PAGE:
The purpose for these blogs is to develop a dialog between myself and my readers.

I invite you to subscribe to my newsletter using the sign-up form provided at the upper right corner of this web page. As a subscriber you will receive twice-monthly announcements of new blogs that I post. Your security is important to me. Please know that your email address is never distributed to anyone.

 

Visiting My Elders – A Video Essay

One of my favorite spots for engaging Nature is Ironwood Forest National Monument near Tucson, Arizona. In the secluded solitude of this wonderful desert, I am alone listening, observing, and meditating without any human interruption.

As is my daily practice, I sit outside at dawn anticipating the “golden hour” when the Saguaro Cactus glows from the light of the morning dawn and the birds greet the day in song. Thomas Merton calls this the “virgin point” of the day when Nature asks permission to be.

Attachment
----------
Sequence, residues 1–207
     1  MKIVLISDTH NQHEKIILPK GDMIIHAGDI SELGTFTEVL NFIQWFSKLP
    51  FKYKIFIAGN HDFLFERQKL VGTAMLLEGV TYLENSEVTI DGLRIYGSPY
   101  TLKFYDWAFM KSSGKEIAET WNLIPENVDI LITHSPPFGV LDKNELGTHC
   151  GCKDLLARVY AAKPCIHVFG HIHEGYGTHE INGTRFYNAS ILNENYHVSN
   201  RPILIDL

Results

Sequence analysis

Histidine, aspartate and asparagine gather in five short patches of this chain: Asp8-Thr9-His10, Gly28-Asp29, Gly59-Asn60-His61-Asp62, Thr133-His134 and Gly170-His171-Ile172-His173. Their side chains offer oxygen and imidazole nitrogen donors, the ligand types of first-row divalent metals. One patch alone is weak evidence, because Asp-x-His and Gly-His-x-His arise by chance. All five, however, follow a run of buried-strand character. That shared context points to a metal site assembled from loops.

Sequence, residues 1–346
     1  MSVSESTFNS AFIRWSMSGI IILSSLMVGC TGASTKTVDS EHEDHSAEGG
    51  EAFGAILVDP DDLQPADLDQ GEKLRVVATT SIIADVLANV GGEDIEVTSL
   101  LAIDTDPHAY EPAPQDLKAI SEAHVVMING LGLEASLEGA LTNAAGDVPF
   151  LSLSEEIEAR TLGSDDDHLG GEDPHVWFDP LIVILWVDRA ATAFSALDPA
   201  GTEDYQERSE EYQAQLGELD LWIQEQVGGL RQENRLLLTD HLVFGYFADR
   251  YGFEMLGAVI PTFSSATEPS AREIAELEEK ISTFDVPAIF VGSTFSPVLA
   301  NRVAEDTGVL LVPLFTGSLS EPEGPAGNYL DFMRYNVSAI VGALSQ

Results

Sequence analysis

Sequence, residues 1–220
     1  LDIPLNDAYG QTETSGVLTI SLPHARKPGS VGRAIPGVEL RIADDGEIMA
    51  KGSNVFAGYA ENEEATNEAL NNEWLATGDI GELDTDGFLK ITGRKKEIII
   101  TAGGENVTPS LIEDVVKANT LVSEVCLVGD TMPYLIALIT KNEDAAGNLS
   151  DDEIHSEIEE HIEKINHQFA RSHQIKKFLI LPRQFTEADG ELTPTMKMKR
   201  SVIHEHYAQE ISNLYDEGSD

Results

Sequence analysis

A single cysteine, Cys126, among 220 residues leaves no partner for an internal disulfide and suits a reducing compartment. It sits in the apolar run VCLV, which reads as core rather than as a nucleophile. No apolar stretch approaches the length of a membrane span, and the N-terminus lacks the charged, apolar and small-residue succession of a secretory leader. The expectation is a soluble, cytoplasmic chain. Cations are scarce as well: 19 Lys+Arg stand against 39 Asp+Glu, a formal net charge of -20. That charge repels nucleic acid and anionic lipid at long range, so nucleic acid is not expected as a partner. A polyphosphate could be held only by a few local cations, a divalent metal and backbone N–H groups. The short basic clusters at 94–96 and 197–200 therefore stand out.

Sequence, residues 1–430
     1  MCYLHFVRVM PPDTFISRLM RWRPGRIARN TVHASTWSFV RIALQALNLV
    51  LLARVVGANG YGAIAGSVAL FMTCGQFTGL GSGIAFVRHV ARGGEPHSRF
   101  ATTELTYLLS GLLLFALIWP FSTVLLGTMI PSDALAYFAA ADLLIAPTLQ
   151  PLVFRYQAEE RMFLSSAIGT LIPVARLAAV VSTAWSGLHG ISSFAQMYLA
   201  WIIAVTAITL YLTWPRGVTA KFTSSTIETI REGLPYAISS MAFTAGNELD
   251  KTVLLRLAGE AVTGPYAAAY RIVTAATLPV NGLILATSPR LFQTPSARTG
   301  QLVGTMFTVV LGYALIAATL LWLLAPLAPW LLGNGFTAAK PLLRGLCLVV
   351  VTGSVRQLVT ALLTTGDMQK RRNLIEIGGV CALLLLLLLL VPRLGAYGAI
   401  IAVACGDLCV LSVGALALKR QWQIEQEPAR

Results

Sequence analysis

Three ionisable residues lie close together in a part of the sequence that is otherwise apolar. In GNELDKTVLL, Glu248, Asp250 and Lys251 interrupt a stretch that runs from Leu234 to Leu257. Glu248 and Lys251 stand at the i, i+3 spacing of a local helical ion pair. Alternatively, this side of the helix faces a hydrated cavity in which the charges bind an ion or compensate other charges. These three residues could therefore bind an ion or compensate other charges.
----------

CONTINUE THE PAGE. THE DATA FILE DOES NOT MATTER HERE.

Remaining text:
This morning is a bit different. The light is softened by a hazy sky. The colors are much softer and emerge more slowly. The chirping of the birds is much softer. The mood of the desert is serenity instead of glory.

My mood follows the desert’s mood. My attention is not focused on changing light. Instead, I think in more holistic terms – meditating about how things are interrelated.

With holistic serenity replacing anticipation, I see things differently. All of a sudden, a pair of elders pop into my view. Of course, they had been there all along but my mental filter mechanism was accustomed to the glory of changing colors and not the majesty of two big elderly plants. But there they were only 25 feet away as if hovering over me. I was shocked that I had never sensed them before.